Written by Li-Ching Chen, Translated by Sam Robbins
Image credit: photo provided by author.
When I was writing my master’s thesis, I often took trips to Yuanli Township, Miaoli County, a small town near Taiwan Expressway 61. Towards Huoyan Mountain in the east, there is a wide-open farmland plot wherein Taiwan’s largest organic paddy lies. Most farmers have dogs, and I once saw a mid-size yellow dog sleeping under the sun in the field when I was passing by on a motorbike. I hoped that my driving sound would not awake the dog, but as soon as this thought crossed my mind, the dog suddenly ran over. I pressed down on the accelerator and suddenly sped ahead with my body leaning back. Luckily, the dog was not trying to chase me but was instead staying put and barking. After the initial shock passed over me, I thought back to what Hae had told me.
Hae works on a rice-duck farming cooperative in Yuanli. He wanted to take advantage of the fact that ducks eat rice pests and raise the ducks in the rice paddies. Although the idea was good in theory, there were many difficulties in practice. For example, he told me many of the dogs from the township started hunting the ducks. As ducks slowly waddled through the rice paddies, the dogs would start salivating. The first time Hae placed a duck in the field, he assumed that the wet seedling fields surrounding the duck would hamper the dog’s advance. However, after finding duck carcasses littered across the field, he realised that the dog had cut through a narrow field corner. To defend against the dogs, he installed a metal fence around the field and watched the land day and night.
Besides hearing about the dogs, Yeon also told me how this type of duck and rice farming, a method imported from Japan, hadn’t been successful. Only gradually, for Yuanli, did a local functional method begin to develop. Yeon entered the organic farming industry in 2000. Initially, what was most difficult for him was notoriety, as Chishang rice from Eastern Taiwan had already become well known. How could Yuanli, on the West Coast, make a name for itself and finally put itself on the map? Luckily, at that time, the famous Japanese duck and rice cultivation expert Takao Furuno (古野隆雄) was visiting Taiwan. The farmers from Yuanli thought that his cultivation style could become what Yuanli became famous for.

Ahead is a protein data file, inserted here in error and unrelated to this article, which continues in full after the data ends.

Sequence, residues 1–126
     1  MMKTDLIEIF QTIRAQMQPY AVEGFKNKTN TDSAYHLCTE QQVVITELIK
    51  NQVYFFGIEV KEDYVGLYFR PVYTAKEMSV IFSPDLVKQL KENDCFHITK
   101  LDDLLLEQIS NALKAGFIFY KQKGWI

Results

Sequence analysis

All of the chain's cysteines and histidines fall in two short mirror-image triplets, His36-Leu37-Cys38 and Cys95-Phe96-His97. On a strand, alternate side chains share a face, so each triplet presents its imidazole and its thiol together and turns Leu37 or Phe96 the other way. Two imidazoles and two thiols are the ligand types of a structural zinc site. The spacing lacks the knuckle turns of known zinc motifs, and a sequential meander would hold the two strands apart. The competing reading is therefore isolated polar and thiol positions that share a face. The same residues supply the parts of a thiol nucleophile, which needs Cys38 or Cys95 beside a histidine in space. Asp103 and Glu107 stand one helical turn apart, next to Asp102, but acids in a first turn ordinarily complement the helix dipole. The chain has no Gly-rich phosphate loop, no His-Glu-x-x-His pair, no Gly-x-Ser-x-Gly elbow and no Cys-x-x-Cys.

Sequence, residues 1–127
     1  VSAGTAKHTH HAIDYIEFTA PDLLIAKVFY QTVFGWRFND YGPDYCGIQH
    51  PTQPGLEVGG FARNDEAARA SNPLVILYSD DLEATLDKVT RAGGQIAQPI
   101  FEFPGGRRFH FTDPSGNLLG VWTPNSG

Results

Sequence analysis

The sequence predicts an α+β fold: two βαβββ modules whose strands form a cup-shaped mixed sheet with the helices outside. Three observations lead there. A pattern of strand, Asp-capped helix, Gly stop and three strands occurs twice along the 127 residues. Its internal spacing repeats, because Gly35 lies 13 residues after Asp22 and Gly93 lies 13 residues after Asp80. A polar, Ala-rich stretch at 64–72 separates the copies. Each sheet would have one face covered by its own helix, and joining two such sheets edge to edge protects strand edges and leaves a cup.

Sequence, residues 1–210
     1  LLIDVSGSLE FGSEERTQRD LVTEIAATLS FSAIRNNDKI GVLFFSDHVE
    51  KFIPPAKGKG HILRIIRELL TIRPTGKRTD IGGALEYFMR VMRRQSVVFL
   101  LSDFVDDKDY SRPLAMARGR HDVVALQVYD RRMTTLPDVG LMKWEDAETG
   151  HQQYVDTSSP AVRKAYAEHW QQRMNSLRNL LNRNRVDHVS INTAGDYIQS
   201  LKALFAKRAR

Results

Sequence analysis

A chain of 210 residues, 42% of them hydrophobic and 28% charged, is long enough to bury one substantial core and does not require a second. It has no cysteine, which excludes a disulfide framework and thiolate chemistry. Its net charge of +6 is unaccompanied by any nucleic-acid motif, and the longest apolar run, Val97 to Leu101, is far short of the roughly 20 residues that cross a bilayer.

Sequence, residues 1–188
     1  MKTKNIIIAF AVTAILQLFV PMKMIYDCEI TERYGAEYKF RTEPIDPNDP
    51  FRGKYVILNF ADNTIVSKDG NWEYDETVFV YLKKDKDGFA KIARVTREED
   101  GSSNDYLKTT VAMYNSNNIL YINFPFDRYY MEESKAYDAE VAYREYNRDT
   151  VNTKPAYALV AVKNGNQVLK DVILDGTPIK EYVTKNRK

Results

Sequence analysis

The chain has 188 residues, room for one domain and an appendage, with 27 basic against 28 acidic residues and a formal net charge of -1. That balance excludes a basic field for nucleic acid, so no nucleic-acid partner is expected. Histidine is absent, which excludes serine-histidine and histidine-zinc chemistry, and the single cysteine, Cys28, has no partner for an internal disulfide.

Rice-duck cofarming uses the theory that “everything has a weakness” (一物剋一物), in this case meaning that the snails, a pest, inside rice fields can be eaten by ducks to protect the rice. In recent years, Taiwan has seen a wave of agricultural products that include animals in their cultivation, for example hawk red beans from Pintung or pheasant water chestnuts from Guantian county, Tainan. Both are examples where animals co-exist with, and even participate in the process of growing crops. This said, when the Japanese Rice-duck cofarming method was first introduced to Yuanli, the results were a series of unfortunate events.
After Yeon joined Furono’s training period, he was eager to try the method and did not expect any problems because he did things exactly as Furono had instructed. In the first year, after the ducks had arrived in Yuanli, many farmers were not aware that they first had to be trained to swim. When these ducks entered the water, they had soft feet, which caused issues. Furthermore, when they initially went into the paddy, the ducks still did not have the instinct that they were meant to bite on their uropygial gland to waterproof themselves. One cold spring day in March, the ducks swam into the cold water, and it seeped deep into their non-waterproofed feathers. The ducks were soaking when they came ashore, and all fell sick shortly after. When the ducks had grown bigger and stronger, the farmers tried again. Unexpectedly, the ducks went into the water and started pecking at all the rice until the whole plot was bare. Yeon described the problem as when “the seedlings couldn’t grow, but the ducks kept getting bigger and bigger.” After careful observation, the farmers realised that ducks would naturally eat anything in sight. If the ducks are used incorrectly, they do not protect the rice; instead, they harm it.